Tuesday, January 12, 2010


Based on pedigree alone, Nine was all but anointed of the eventual 10 Best Picture nominees at this year's Oscar ceremony. Then the film got released. Now it is all but deadin every way, from its box-office haul to that once-certain B.P. nod. Why?

Because the film kinda sucks.

The film is the latest in the line of flashy Broadway musical adaptations, following most directly in the footsteps of Chicago and Dreamgirls. It is directed by Chicago's Rob Marshall and written by Michael Tolkin and the late, ever-so-great Anthony Minghella. The screenplay falters because, despite its history, this material is not ripe for musical adaptation. Sure, Nine has been produced as a musical in countless venues in more than one country for years, but the songs are not notable, the story is not particularly engaging, and the spirit is completely in opposition to the nature of the musical. Nine, which is inspired by Federico Fellini's legendary masterpiece, 8 1/2, is the story of a selfish artist in professional stasis and psychological turmoil, and it is played as a flashy, triumphant musical with huge numbers and glitzy costumes. Sorry, doesn't work.

The cast, as usual, is impressive. Daniel Day-Lewis plays Guido Contini, celebrated Italian auteur who is suffering from a creative block. Contini -- or Anselmi, as he was named in Fellini's film -- was always intended as a psychic stand-in for Fellini himself. He never meets any deadlines, is a chronic lothario, and never, ever has a finished screenplay for his cast and crew to work from. But where Fellini developed great art from his artistic turmoil, the musical version of Guido seems like a mopey, pretentious cad who doesn't deserve our attention. The great Day-Lewis' portrayal is serviceable but not successful, and not just because his singing voice is distractingly reminiscent of Count Dracula. The character is just not lovable, and his plight isn't appealing as a song-and-dance.

Rounding out the cast are the women in Guido's life: Marion Cotillard plays his wife, Penelope Cruz his mistress, Nicole Kidman his muse, Sophia Loren his mother, Judi Dench his costume desginer, Kate Hudson a flirtatious American reporter, and Fergie the voluptuous town whore who helped form Guido's world view. The actresses are all talented and all game, but their material is simply D.O.A. Most of the songs are boring downers -- the only two to strike any sort of musical or cinematic stride are Hudson's "Cinema Italiano" and Fergie's "Be Italian," both big, lively, well-performed numbers that most accurately exude what the film is really about. Cotillard is fabulous, especially in her last soul-bearing number, and Cruz makes the most of her fluffy mistress character, but none of the actresses are given much to do other than show up, sing their song, and disappear. All musicals must overcome the struggle that their plots are intended to string the big showcase musical numbers together, but Nine really feels like anything in between the songs is lame filler. And in this case, most of the songs are lame filler as well.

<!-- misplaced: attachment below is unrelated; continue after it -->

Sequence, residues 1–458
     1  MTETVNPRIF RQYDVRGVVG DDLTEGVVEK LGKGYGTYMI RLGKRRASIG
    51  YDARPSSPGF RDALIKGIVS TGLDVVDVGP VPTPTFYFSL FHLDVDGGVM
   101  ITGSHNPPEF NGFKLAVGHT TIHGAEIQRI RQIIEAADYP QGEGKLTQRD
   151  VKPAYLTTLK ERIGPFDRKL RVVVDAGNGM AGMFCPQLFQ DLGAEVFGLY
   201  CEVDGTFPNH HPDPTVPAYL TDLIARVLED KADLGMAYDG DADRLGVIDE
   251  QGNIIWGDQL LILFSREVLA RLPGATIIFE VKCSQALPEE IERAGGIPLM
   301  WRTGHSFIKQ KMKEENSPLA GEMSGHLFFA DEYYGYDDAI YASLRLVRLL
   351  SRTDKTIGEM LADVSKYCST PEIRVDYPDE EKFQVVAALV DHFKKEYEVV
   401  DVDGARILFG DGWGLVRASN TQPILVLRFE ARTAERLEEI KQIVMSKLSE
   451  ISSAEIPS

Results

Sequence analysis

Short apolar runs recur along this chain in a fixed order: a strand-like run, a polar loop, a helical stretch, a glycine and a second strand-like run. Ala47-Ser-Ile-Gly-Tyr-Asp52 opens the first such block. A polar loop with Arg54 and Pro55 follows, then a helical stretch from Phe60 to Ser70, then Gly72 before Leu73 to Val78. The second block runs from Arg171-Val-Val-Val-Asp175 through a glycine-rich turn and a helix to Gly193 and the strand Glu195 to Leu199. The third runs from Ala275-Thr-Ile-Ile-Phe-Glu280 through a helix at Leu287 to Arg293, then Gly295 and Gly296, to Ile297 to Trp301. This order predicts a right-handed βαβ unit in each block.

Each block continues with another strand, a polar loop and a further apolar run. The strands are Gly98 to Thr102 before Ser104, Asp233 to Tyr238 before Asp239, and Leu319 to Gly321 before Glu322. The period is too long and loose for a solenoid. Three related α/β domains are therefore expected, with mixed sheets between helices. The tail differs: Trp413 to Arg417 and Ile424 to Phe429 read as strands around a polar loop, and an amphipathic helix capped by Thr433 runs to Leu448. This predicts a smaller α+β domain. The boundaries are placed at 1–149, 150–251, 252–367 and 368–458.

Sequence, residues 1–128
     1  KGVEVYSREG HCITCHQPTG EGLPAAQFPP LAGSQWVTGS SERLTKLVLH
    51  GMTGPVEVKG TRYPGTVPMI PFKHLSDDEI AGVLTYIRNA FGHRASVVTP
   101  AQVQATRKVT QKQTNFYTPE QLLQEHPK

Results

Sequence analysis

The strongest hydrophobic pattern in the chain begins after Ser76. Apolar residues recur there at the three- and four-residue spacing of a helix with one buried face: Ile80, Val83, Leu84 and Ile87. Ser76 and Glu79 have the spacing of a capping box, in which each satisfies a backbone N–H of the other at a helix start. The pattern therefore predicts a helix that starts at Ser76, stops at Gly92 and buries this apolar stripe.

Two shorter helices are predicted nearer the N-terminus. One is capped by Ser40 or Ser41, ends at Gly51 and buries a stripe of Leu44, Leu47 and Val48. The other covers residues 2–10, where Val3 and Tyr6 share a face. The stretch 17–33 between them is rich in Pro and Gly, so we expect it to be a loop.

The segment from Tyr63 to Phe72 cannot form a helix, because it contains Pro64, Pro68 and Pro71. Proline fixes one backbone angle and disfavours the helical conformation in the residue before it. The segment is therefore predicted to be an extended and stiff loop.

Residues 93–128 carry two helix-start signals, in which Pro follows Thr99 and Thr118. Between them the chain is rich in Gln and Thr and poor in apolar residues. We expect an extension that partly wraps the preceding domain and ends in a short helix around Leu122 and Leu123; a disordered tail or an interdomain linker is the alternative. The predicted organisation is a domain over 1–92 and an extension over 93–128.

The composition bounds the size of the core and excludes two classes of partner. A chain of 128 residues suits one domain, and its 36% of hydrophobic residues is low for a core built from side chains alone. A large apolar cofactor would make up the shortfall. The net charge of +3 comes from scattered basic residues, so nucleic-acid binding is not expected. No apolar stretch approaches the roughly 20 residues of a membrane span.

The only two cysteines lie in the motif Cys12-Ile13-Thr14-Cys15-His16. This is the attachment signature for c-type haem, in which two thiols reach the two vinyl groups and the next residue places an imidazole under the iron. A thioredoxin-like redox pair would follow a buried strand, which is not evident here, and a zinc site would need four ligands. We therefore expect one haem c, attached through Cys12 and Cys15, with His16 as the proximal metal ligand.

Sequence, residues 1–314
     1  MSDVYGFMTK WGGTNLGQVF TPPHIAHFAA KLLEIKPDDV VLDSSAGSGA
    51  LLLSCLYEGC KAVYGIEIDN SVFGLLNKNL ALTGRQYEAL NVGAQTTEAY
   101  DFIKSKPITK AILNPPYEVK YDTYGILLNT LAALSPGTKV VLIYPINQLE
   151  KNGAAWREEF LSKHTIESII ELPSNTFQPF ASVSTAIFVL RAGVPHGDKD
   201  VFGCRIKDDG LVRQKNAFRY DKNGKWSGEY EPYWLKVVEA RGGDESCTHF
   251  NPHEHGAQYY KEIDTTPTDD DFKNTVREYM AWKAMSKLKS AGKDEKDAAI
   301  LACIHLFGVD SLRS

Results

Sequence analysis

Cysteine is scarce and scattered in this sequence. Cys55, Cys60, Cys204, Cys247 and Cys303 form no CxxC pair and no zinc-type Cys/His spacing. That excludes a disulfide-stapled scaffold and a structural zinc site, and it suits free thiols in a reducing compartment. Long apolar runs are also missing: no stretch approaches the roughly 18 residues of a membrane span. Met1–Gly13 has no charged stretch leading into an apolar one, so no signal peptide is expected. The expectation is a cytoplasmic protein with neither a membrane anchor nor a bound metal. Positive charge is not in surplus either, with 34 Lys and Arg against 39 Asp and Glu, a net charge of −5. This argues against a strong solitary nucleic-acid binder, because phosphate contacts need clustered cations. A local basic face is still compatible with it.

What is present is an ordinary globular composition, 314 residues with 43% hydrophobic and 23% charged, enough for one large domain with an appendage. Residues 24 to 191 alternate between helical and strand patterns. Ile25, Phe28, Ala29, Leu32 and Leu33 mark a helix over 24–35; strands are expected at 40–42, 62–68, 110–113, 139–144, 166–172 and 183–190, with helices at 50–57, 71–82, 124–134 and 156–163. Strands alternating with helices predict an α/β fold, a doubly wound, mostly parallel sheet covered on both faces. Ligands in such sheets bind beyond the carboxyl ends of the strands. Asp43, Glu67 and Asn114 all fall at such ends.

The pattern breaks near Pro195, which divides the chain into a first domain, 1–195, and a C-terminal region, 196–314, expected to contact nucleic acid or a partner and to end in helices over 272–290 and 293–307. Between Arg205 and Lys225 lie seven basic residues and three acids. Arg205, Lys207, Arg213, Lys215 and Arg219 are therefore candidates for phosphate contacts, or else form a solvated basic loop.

Rob Marshall has developed a pretty successful film career for himself, but watching Nine, it became clear to me that he is a gifted stylist, but not really a director. The film looks absolutely gorgeous, but that is thanks mostly to the gifts of cinematographer Dion Beebe, editors Claire Simpson an Wyatt Smith, and production designer John Myhre. Marshall stages and choreographs the lavish musical numbers well, but that is because he cops to the same proscenium-based style he that worked well for him in Chicago, a style that is entertaining but not fulfilling. In Chicago, the created conceit that the songs took place in Roxie's bruised mind worked well in the context of the film. In Nine, some of the numbers take place in Guido's head, but others clearly do not, yet they are still staged on some fictitious plane we are just intended to buy. The material isn't engaging enough and the songs not pleasing enough for us to make that kind of leap.

The musical motion picture has experienced a well-deserved revival in the last decade, but Nine is easily the weakest entry into that canon. Not every Broadway show can be successfully adapted into a film, and not every classic film should be adapted into a Broadway show. Nine is a prime example of both.

No comments: